Oil-Slurping Nanotechnology Next Front in Fighting Spills
MIT scientists create mesh that keeps water out, can hold 20 times its weight in crude
By Dustin Lushing,  Newser Staff
Posted Jun 4, 2008 7:52 PM CDT
An oil spill is seen from the air with the Bay Bridge in the background in San Francisco, on Thursday, Nov. 8, 2007.    (AP Photo/Eric Risberg)
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(Newser) – Cleaning up oil might soon get faster and cheaper, thanks to nanotechnology. Scientists at MIT have crafted a paper-like substance that can absorb up to 20 times its weight, the Economist reports. The mesh of nanowires, each 1/1,000th the diameter of a human hair, feels and looks like paper—and can repel water, making absorption of oil more efficient.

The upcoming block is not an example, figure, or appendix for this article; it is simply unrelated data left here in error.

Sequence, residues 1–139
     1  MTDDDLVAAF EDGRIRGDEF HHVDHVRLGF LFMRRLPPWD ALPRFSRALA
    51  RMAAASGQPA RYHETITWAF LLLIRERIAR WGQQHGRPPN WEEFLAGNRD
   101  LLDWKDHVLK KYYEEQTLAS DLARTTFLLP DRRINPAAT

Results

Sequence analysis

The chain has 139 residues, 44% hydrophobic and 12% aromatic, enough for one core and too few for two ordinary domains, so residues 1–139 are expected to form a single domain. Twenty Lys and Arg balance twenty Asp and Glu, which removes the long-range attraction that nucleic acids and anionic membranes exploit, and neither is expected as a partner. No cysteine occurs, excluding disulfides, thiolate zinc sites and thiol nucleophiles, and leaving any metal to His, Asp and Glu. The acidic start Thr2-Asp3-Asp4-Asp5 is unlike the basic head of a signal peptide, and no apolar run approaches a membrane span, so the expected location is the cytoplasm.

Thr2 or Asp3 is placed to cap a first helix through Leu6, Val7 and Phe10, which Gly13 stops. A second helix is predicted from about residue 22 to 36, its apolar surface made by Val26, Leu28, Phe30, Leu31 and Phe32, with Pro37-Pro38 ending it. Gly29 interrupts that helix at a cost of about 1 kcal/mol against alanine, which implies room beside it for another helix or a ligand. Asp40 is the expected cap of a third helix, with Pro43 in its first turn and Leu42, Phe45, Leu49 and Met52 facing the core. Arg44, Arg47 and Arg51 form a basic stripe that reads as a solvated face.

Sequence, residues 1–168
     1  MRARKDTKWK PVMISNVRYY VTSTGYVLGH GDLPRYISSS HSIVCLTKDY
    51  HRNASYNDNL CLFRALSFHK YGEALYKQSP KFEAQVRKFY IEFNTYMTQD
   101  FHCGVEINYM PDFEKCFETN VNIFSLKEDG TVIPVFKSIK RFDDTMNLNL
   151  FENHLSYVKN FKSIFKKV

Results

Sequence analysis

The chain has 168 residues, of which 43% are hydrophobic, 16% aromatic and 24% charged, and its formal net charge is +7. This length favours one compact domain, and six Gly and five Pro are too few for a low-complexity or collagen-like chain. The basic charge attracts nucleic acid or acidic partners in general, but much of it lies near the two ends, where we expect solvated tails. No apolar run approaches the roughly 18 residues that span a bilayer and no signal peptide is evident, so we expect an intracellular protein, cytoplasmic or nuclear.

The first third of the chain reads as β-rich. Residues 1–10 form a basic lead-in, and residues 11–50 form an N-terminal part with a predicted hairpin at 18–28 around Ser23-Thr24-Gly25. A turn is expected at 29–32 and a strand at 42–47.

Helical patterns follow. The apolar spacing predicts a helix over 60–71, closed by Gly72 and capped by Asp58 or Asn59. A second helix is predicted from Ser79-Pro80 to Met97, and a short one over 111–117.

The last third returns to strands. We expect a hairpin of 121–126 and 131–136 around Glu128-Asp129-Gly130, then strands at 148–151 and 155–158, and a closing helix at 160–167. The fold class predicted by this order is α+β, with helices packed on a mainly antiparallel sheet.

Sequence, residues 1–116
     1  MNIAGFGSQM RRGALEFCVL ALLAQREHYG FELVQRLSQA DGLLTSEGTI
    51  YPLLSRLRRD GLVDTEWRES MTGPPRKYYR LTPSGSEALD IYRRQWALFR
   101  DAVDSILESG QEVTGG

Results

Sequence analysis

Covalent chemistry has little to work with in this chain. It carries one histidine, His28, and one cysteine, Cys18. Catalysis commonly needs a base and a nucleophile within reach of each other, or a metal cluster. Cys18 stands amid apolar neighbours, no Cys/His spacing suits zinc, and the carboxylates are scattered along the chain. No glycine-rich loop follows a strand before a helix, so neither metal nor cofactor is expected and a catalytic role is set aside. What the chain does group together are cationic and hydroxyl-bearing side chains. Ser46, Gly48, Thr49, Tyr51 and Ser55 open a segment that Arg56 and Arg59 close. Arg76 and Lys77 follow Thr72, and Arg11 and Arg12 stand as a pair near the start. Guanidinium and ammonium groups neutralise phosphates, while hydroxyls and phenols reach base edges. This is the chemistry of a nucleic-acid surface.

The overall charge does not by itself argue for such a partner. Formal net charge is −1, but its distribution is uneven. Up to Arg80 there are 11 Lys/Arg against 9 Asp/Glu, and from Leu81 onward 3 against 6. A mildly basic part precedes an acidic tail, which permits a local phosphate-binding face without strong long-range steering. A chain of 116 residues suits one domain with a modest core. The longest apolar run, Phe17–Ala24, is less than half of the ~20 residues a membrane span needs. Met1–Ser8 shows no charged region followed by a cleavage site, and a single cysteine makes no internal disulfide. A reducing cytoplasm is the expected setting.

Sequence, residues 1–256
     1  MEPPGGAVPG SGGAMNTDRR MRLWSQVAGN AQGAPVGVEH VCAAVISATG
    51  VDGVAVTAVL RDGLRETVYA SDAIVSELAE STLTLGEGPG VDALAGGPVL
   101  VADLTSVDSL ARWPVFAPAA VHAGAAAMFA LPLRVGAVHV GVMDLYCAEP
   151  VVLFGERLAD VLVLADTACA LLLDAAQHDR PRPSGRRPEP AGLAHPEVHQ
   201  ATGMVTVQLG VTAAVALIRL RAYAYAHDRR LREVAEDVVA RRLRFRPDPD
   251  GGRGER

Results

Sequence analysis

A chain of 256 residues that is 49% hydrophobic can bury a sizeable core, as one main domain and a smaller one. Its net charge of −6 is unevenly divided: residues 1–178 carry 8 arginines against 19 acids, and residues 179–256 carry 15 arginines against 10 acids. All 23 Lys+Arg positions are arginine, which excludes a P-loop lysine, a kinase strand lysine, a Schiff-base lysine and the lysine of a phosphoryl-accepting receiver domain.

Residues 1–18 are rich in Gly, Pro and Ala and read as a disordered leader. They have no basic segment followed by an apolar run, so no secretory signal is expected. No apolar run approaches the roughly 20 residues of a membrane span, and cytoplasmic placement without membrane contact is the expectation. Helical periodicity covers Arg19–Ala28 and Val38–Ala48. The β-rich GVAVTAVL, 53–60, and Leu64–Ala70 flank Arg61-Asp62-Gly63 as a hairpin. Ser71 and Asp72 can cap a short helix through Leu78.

The water-repelling silicone coating would allow the mesh to be placed in water for months and then be removed completely dry. What's more, the mesh is stable when heated, so oil could be evaporated off after it's pulled from a spill area and the mesh could be re-used.